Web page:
Appellant was convicted by a jury of Bernalillo County of the crime of assault with intent to rape, and he appeals.
*86As a first point appellant challenges the sufficiency of the evidence to support the conviction. A review of the evidence becomes necessary. On the night of July 13, 1954, appellant followed the prosecuting witness as she was driving to her home in an automobile from the eastern part of the City of Albuquerque. At various times he would drive up beside her automobile and blink his lights and then fall behind. Finally, he dashed up beside her and stopped her automobile on Indian School Road, near St. Anthony’s Orphanage. The prosecuting witness, thinking that appellant was a police officer, pulled her automobile slightly to the right and stopped. Appellant got out of his automobile and what followed is related by her, as follows:
“A. Well, I waited. I didn’t cut my motor or anything. Someone got out on the left side of the car and came around, and the minute he came into sight, I saw a strange man and I got scared. I knew what had happened. I was going to drive off. I hadn’t turned the motor off. Our car coughs, you have to gun it a little before it catches. I suppose I was nervous; it just moved a couple of inches. I couldn’t get it to drive away. I didn’t think to lock my door. I just watched him running to my car. He said, T see you have been speeding, haven’t you,’ and he opened the door.
“Q. Which door of the car did he open?- A. Right beside where I was driving. I am pretty sure I pulled the horn and held it until he dragged me out. When I got outside, I started to yell ‘Help, help, help.’
“Q. Did he say anything to you besides ‘you have been speeding.’ A. No, he didn’t; at this particular time he didn’t.
“Q. Go ahead. He drug you out of the car? A. He pulled me out of the car. I tried to hang on. I think he was hitting me on the head. He pulled me out and kept hitting.
* * # * * *
“Q. When he drug you out of the car, you say you fell down on the ground? A. He hit me several times so hard that I fell down.
“Q. Did he say anything to you after that? A. Well, he was hitting me, and I don’t know if he dragged me or what, at one point I was on my knees, he was holding my hair like this and hitting me in the face like that. I wanted him to stop hitting me. I said, I just wanted him to stop, I said, ‘No, no, no, please don’t,’ and at that point he stopped hitting me. He said, Oh, then we were right beside the back door of his car. His car was kind of behind my car like that, and he said when I began to plead with him, ‘No, no, please don’t,’ he said, ‘Do you want it to be in my car or yours?’
*87“Q. What did you say ? • A. I said, naturally, to delay, ‘Make it mine.’ He let go of me, and I hadn’t expected him to let go. He got in his car, and I stood, and I started, that was the first time I noticed the home right over there. I hadn’t noticed where I was particularly before, and I started to walk fast, watching him. It occurred to me he might have a gun and shoot. He said, ‘Don’t go away, don’t go away.’ He didn’t shoot or anything. I ran in there. I started screaming again. I had stopped after he was hitting me so much.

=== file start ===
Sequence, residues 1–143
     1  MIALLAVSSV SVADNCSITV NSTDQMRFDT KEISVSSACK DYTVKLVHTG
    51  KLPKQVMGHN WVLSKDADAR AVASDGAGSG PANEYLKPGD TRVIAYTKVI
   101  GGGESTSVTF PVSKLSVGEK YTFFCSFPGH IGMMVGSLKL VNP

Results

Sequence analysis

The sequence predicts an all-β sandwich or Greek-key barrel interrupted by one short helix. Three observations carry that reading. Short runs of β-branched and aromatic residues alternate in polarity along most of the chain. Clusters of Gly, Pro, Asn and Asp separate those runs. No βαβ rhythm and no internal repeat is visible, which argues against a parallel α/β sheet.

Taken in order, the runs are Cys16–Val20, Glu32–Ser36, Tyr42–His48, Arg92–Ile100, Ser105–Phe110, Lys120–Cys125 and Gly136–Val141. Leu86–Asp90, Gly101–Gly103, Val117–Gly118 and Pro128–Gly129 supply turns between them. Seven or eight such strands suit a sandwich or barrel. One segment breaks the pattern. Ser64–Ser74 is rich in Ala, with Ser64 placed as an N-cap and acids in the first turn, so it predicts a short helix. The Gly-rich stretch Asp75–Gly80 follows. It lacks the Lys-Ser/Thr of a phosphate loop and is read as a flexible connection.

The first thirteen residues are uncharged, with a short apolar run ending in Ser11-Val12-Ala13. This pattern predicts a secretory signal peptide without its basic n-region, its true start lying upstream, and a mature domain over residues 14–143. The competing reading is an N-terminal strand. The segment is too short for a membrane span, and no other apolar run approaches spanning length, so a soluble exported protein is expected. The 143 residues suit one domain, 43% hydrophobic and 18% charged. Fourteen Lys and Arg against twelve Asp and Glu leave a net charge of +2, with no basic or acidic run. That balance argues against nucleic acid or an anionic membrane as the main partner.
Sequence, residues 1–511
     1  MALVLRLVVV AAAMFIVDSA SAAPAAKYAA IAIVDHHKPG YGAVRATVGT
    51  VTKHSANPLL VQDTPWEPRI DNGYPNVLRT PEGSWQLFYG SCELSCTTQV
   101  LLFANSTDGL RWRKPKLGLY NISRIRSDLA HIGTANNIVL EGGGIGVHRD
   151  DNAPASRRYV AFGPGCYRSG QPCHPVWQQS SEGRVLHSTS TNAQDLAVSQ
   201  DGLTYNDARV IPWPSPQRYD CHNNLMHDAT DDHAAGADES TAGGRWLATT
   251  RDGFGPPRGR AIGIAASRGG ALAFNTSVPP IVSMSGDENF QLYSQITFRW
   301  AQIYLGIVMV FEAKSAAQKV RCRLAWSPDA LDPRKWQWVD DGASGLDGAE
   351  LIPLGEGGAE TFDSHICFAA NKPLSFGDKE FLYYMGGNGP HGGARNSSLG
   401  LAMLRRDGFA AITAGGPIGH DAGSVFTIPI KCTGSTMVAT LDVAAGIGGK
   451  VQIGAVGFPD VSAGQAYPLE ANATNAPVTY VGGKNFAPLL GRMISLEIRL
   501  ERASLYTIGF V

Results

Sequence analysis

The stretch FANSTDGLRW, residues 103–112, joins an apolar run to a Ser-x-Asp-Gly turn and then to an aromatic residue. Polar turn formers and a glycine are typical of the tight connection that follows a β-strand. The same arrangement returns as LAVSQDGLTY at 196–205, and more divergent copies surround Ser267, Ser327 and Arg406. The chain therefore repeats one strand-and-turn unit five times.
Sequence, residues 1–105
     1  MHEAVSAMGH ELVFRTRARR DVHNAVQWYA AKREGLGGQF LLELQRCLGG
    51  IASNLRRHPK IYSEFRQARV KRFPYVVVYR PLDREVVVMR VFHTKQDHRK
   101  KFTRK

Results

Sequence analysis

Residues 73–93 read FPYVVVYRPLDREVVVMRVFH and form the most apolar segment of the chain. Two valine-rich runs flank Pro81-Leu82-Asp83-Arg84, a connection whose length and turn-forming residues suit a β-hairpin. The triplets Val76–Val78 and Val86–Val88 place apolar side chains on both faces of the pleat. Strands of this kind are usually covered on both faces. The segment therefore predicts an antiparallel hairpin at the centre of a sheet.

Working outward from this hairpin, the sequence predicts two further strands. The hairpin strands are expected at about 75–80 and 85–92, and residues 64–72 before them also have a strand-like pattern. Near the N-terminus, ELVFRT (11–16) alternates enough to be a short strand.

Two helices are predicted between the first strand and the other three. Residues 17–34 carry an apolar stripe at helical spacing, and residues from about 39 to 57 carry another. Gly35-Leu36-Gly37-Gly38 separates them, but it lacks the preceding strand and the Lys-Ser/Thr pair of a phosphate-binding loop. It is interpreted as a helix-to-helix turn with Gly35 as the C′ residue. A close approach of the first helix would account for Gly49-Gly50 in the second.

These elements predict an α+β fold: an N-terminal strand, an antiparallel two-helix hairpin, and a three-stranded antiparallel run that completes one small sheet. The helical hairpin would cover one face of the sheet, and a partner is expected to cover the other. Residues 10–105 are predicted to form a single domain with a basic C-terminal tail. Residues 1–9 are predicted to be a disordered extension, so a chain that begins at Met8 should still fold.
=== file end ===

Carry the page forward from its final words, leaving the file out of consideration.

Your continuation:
“Q. When he was hitting you had you made any outcries at all? A. At first, yes, when he first dragged me out, I honked the horn, and as he dragged me out, I yelled. I saw a light on Indian School Road. I tried to throw my voice at that car. I don’t know where the car ever went.”
The evidence discloses many attendant and undisputed facts in corroboration of the prosecuting witness. When she ran to St. Anthony’s Orphanage, she was hysterical, her hair and clothing were disheveled, and her face was bloody and swollen. There were contusions on her arms and legs. Her lips were swollen and bloody. Her screams for help were heard some 1000 feet away. The arresting officer, through information furnished by the victim and others, traced the automobile which he was driving to his home, where he was found. He was there informed of the nature-of the charge against him and placed under arrest. At the time there were fresh lacerations on his left hand. The officer said, “it looks like you got yourself in quite a mess”, and appellant replied, “yes, I guess so.” Further, appellant’s statement to the prosecutrix, “will it be in my car or yours”, clearly signified his intention in assaulting her. The evidence is substantial and the verdict will not be disturbed. State v. Compos, 56 N.M. 89, 240 P.2d 228; State v. Neville, 47 N.M. 345, 143 P.2d 264, 265. Our holding in the latter case is appropriate here:
“We have said that there must be substantial evidence to establish that the person charged with such an offense ‘intended to have intercourse with the female by force and against her will, and that he not only used force where an assault is charged, but used such force with the intention at the time to have sexual intercourse with her in defiance of, and notwithstanding, any resistance she might make’. * * * But this is not to say that the intention which accompanied such force might not be thereafter abandoned and the force relaxed before the original purpose of the assault is achieved.”
*88 It is asserted that the trial court erred in refusing to submit to the jury an instruction as to included offenses, that is, assault with intent to commit a felony and assault and battery. This argument- must be rejected. While lessor offenses necessarily may be included, it is only where there is -some evidence tending to reduce the offense charged to a lessor degree or grade, that a refusal to instruct as to included offenses, is error. From our review of the evidence, the proof goes to the higher offense and would not justify any other verdict except a conviction of the crime charged, or an acquittal. Territory v. Salazar, 3 N.M., Gild., 321, 5 P. 462; State v. Smelcer, 30 N.M. 122, 228 P. 183, and State v. Reed, 39 N.M. 44, 39 P.2d 1005, 102 A.L.R. 995. Cf. State v. Goodson, 54 N.M. 184, 217 P.2d 262; State v. Jones, 233 Iowa 843, 10 N.W.2d 526; Molton v. People, 118 Colo. 147, 193 P.2d 271; State v. Brady, 66 Ariz. 365, 189 P.2d 198; State v. Wilson, 162 S.C. 413, 161 S.E. 104, 81 A.L.R. 580; 53 Am.Jur. (Trial) § 798.